Looking ahead to Tuesday’s election between Alabama Sen. Luther Strange and former Alabama Chief Justice Roy Moore. The winner will face Democrat Doug Jones, a former U.S. attorney, in the Dec. 12 general election.
Brian Lyman / Advertiser

MONTGOMERY, Ala. — Former Alabama Chief Justice Roy Moore Tuesday won the Republican nomination for U.S. Senate Tuesday night, overcoming an incumbent with the strong backing of President Trump and a major fundraising advantage.

Republicans had tried to turn the runoff for the GOP Senate nomination into a referendum on Donald Trump, but GOP voters Tuesday said Trump — and his endorsement of Sen. Luther Strange — were small factors in their choices.

Shortly after 9:30 p.m. ET, the Associated Press called the race for Moore. With 86% of the vote counted Tuesday night, Moore led Strange 56% to 44%.

Moore’s victory highlighted the strength of his base of voters in the Alabama Republican Party; the lingering questions about Strange’s appointment by former Gov. Robert Bentley and the limits of Trump’s ability to influence elections.

“I make my own decisions,” said Jim Barber, a retired construction engineer who lives in Auburn and who voted for Moore. “I was and still am a strong supporter of Donald Trump, but I differ with him on this thing.”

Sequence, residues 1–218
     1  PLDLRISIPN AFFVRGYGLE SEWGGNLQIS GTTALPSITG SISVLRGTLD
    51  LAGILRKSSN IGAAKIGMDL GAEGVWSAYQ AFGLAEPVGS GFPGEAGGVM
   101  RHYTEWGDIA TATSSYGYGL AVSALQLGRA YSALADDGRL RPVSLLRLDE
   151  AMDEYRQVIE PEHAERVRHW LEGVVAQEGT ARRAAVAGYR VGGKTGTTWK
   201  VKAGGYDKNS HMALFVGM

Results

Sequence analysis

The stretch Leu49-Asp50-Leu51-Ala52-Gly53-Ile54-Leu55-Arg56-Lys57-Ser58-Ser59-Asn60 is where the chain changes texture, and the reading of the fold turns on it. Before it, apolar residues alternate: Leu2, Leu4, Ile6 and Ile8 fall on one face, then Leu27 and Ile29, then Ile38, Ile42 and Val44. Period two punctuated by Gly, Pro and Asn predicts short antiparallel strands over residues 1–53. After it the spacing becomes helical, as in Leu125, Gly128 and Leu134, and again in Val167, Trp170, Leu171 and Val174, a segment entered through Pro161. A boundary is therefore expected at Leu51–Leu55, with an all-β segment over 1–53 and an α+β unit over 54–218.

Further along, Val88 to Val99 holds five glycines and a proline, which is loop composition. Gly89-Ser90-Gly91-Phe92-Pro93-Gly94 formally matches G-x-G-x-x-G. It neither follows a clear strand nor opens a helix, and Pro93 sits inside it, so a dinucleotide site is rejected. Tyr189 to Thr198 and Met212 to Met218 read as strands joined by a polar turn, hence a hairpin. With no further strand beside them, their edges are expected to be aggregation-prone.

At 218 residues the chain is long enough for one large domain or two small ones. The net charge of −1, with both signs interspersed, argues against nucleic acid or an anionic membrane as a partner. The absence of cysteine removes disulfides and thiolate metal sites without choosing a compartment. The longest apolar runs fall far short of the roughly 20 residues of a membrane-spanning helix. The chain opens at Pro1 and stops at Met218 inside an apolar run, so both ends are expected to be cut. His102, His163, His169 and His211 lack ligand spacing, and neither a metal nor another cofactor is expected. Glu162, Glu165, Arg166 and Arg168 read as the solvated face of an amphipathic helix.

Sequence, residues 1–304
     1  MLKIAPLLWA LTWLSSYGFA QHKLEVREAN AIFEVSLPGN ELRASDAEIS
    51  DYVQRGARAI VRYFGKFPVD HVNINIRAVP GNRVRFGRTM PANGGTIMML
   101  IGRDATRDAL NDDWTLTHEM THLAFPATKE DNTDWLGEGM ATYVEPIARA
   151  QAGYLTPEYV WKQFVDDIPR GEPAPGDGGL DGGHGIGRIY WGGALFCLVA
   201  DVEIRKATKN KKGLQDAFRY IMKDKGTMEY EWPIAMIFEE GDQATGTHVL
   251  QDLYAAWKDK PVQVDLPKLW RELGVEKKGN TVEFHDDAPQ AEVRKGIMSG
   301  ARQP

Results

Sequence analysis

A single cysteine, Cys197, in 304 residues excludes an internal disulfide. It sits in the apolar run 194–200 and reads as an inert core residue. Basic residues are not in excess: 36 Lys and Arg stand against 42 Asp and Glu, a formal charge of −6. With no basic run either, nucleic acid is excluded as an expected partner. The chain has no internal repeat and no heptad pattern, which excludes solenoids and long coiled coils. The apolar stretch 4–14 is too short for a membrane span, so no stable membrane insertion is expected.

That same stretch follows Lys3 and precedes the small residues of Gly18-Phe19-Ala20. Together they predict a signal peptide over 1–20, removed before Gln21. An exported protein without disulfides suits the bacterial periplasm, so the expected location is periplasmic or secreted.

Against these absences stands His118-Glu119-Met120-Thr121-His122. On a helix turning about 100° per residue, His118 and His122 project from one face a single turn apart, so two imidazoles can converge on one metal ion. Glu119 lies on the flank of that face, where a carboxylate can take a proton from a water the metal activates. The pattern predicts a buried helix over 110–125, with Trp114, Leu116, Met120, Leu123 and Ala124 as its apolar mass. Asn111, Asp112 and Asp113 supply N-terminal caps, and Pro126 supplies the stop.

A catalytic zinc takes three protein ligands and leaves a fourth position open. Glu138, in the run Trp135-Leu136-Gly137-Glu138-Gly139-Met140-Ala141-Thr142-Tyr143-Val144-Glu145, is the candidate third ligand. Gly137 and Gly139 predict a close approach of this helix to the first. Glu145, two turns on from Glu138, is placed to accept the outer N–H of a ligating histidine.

Even supporters of Strange — who tried to run an entire campaign on his support for Trump — said the president’s backing was at best secondary. Gloria Lynn, a retired teacher who lives in Auburn, liked the Trump endorsement and said she believed Strange was the “best man for the job.” But Lynn said her vote for Strange was “more or less because I was against Moore.”

More: Roy Moore vs. Luther Strange: Five questions on the Alabama Senate primary runoff

Previously: Trump praises Sen. Luther Strange in Alabama, silent on Sen. John McCain’s latest vow

Previously: White House, Republicans stepping up involvement in Alabama Senate primary runoff

“He put the Ten Commandments (in the Alabama Supreme Court building) and someone told him not to do it and he did it anyway,” she said. “He’s against gay marriage, and you know, that’s something that’s…